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Introduction to the Greenhouse Effect

These days, the biggest environmental issue in the news is global warming. The world is getting warmer, whether by natural cyclical events or as a result of man-made pollutants. The most accepted theory behind this phenomenon is called the greenhouse effect. Whether or not it is the sole cause of the rising temperatures is still up for debate.

The basic idea is this:
Earth's atmosphere is made up of a large number of various gases, each with different properties. Certain gases and chemicals let sunlight pass through easily, but once that light has bounced back off the planet as heat, those gases begin to trap the radiation. So instead of there being an even balance of heat coming in and going out, it begins to accumulate and the temperature goes up. The gases act exactly like the panes of glass in a greenhouse, letting light in but not letting heat out.

Certain gases have more powerful greenhouse properties than others, and many of them are naturally occuring in the atmosphere. Though when I say they are natural, that doesn't mean man's activities and pollution hasn't had an impact.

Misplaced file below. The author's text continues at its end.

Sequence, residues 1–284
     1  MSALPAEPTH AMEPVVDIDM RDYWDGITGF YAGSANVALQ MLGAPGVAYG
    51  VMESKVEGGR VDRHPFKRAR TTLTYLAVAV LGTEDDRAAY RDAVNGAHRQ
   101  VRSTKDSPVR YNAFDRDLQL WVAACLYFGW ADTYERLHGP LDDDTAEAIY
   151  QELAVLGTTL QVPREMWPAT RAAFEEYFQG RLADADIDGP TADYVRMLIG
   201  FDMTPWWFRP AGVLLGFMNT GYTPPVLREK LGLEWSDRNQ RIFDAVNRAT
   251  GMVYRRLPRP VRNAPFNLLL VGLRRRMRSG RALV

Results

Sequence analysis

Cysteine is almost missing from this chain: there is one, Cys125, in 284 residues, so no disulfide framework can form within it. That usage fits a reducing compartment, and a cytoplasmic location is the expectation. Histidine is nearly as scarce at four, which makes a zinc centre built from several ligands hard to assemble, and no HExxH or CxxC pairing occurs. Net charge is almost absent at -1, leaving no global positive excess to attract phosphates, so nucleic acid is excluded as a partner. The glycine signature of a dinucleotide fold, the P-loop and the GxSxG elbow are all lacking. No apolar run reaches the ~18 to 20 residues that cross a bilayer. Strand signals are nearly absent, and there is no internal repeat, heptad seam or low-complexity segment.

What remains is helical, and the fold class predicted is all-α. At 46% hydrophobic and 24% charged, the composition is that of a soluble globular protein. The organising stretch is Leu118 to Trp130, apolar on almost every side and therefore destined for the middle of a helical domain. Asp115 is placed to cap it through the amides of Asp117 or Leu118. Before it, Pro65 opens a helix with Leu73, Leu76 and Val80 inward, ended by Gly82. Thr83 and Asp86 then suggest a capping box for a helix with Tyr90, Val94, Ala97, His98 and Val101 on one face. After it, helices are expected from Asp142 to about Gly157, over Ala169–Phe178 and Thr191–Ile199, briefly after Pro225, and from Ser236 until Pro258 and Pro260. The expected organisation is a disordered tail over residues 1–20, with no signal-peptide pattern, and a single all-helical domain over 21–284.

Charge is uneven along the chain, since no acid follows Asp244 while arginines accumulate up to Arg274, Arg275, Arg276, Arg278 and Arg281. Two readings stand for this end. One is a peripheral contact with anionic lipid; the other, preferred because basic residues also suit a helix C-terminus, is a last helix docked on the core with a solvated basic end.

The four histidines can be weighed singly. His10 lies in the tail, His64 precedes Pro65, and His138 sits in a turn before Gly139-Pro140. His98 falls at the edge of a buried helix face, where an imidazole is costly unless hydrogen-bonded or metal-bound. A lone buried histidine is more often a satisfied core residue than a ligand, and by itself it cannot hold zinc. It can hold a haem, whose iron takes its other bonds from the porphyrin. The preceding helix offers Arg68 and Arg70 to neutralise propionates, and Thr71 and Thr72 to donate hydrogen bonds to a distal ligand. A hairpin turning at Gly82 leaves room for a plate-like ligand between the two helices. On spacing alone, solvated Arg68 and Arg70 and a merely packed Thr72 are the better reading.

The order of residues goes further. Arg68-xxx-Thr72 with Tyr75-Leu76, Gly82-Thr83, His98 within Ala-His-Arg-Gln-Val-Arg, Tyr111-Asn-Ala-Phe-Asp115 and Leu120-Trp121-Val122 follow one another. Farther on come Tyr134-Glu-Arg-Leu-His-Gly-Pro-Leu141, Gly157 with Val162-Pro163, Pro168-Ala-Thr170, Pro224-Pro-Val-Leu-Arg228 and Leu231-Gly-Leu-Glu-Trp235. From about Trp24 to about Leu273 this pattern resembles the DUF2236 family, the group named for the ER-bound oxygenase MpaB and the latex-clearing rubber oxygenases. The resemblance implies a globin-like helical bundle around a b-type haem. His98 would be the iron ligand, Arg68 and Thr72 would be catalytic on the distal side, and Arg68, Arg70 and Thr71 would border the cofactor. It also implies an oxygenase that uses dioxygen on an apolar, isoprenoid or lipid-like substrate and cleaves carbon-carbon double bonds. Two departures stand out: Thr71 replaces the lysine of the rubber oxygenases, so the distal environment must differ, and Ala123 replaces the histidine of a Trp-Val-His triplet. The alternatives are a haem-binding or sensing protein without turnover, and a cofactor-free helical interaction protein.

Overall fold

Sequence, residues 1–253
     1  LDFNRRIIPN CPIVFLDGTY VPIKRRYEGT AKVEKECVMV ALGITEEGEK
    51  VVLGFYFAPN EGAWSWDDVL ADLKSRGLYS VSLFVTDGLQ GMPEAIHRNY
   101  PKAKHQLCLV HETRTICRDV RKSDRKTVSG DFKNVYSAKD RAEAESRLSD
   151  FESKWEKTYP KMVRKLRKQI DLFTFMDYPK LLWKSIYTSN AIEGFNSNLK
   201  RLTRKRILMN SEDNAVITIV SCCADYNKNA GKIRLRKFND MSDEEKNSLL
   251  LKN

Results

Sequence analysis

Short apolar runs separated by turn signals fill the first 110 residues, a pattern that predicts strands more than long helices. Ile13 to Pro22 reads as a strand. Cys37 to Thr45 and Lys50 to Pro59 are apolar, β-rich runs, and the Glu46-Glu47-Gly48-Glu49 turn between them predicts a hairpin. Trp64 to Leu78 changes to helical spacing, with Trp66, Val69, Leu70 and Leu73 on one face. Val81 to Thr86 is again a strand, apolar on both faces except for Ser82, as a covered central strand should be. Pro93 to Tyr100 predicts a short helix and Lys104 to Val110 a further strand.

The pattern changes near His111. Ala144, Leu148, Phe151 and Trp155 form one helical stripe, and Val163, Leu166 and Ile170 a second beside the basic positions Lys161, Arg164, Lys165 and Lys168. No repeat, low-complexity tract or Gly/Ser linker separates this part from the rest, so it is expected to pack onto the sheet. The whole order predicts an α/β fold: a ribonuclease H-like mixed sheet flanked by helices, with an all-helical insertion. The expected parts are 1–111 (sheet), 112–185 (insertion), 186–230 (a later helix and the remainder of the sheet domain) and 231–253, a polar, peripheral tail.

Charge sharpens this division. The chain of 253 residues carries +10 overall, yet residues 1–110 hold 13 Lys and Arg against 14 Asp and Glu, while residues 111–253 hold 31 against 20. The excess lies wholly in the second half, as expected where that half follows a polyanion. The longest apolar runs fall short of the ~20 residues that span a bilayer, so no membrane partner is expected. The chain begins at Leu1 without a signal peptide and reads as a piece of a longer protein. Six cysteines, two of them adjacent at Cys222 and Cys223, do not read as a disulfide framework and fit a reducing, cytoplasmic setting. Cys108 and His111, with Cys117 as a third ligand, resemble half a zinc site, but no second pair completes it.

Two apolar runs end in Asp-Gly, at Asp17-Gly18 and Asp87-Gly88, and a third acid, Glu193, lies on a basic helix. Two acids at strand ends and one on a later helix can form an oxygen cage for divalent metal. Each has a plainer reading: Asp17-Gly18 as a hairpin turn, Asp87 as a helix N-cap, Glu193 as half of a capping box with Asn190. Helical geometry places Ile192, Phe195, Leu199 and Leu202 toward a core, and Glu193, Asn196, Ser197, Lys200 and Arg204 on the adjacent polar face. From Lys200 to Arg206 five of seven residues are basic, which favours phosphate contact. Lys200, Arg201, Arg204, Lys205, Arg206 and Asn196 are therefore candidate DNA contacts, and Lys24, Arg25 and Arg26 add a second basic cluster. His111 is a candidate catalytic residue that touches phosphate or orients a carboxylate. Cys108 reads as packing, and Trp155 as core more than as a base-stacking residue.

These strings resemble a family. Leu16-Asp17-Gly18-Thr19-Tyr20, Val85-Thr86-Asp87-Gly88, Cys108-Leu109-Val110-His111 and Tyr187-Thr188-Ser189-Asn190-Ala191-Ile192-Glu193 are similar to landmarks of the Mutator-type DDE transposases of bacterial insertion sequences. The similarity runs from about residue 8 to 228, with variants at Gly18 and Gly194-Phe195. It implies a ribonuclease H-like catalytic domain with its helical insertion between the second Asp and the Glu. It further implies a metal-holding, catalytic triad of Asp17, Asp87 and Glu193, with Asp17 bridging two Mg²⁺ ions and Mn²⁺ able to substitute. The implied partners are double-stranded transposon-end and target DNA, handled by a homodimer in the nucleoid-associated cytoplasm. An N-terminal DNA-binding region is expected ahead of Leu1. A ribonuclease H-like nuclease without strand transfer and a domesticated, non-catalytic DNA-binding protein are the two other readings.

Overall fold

Water Vapour - This common gas is the most plentiful of the greenhouse gases in the atmosphere. It's also the most uneffected by man. The humidity levels in the air are governed by many biological and weather processes, and basically regulates itself.

Carbon Dioxide - The next most abundant greenhouse gas. Though a natural occuring gas, CO2 levels are also strongly effected by man, particularly with the burning of fossil fuels (oil, coal and natural gas) as well as wood and other solid wastes. One excellent reason to switch to alternative energy sources such as solar or wind power.

Methane - Methane is best known as a gas released by herds of livestock, and during the decomposing of organic materials in landfill dumps.

Nitrous Oxide - The last of the big greenhouse gases, released during various agricultural and industrial practices. Nitrogen-based chemical fertilizers are the biggest culprit. Another reason to look for organic produce.

Now, besides these naturally occuring gases, there are a number of strictly man-made chemicals that also contribute to the greenhouse effect, such as: hydrofluorocarbons, perfluorocarbons and other related compounds.

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Content copyright © 2013 by Terri Paajanen. All rights reserved.
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